Although the full schedule isn’t ideal, according to Klimek, there were still some highlights that she could recognize about the term she experienced this in.
“I’m glad that the term I had my no prep was where it was, it was term two so I was with kids that I was familiar with, and I didn’t have a whole new group of kids four blocks out of the day. I am also glad that I had it before 5th block was a part of the schedule because then I didn’t have that extra half an hour that I would also have to prepare for. The time that I had it was good, but I am more than relieved that it is over.”
“Now that I have my prep back I feel more relaxed, I’m not as stressed, and I’m able to get stuff done through the school day that I normally would. Just having that time back to mentally prepare is so helpful,” said Klimek.
With teachers racing against the clock to accomplish what needs to be done, along with hiding the tension, students were able to look past these actions, moving along as they regularly would. However, some chunks of these circumstances were more challenging than others, especially coming from an observable student’s point of view.
“I had Mrs. Klimek for Precalculus first and second term. It was really challenging as a student because we weren’t able to come in during a specific block to make up quizzes or get extra help, which is what I would typically do when the teacher has their prep. This really went for any teacher, finding a time throughout the day for any class was challenging. However, there wasn’t anything anyone could do about it, so I just made sure to communicate with her on when to come in,” junior Brianna Aleksiejczyk said.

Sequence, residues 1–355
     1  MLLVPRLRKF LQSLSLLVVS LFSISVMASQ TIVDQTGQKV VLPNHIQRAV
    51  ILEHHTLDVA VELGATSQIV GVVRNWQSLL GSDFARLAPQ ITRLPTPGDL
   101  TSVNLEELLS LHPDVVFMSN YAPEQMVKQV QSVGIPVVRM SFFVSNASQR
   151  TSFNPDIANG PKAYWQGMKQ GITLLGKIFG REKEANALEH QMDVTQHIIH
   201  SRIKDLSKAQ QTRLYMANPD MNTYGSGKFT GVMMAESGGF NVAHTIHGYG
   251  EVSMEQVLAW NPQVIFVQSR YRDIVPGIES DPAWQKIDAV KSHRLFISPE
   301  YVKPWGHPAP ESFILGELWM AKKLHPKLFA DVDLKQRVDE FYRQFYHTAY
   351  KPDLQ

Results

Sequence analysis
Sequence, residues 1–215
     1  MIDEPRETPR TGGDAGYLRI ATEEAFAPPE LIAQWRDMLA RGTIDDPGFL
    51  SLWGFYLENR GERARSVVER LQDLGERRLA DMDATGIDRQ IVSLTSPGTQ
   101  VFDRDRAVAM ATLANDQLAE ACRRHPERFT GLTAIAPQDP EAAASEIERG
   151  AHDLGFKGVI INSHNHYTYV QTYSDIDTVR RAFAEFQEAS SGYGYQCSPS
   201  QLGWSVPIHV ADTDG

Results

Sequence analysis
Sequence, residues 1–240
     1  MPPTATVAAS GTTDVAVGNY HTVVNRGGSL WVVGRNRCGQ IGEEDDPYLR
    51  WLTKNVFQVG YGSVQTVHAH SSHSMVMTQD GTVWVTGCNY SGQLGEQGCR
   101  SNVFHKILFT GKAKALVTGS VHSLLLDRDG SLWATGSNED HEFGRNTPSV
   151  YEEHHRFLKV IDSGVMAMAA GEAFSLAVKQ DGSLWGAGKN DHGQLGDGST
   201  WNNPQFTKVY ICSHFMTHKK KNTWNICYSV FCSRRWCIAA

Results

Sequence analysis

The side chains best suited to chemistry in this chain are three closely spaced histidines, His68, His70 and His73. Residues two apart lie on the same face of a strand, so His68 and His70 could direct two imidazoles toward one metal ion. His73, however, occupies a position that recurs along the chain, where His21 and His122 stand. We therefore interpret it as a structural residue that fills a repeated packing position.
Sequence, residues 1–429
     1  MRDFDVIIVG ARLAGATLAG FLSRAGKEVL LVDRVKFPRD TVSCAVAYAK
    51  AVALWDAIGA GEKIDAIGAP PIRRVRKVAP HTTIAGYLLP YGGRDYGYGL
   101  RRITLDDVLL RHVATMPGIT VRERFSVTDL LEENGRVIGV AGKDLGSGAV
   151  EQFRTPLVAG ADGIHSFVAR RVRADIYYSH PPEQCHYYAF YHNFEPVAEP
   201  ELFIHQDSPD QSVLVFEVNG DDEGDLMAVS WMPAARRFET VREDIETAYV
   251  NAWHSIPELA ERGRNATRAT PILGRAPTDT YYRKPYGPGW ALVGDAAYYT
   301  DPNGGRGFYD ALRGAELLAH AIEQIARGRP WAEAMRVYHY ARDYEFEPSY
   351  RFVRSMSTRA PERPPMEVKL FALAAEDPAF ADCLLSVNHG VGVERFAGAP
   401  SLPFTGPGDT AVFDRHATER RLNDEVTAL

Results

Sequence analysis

From Aleksiejczyk’s view, the stress seemed to emerge from one another, as the teacher and student would feed off of each other’s actions. However, it didn’t seem to affect the student as much as it did the teacher.
“I could just see how stressed Mrs. Klimek was. She seemed to be scrambling to get things done, but we weren’t concerned because we knew she would get everything accomplished. I just felt bad because it was more that she stressed herself out, rather than the students.”
A pro that can be found according to Orfitelli is that if the teacher doesn’t have the responsibility, per se, to teach a regular content class, and their responsibility ends up being a support/recovery type class, then it’s actually a great opportunity. It’s still a teaching assignment during the day, but it’s also an additional opportunity that’s structured and scheduled for students to get into.
“As it stands right now, this full schedule will move over to next year as well because of staffing and cost saving measures. The biggest chunk out of school district budgets is people’s cost. It’s not books, it’s not technology, it’s the people,” Orfitelli said.
Although the future may not look much different for these teachers scheduling wise, this year has been full of trial and error, along with lessons learned to prepare the faculty for the following years.
“I’ve learned through this experience to be more flexible, to know that you can have it planned all you want, but it may not go the way you were intending it to go. I think that from this I’ve hopefully learned how to be a better teacher overall,” Klimek said.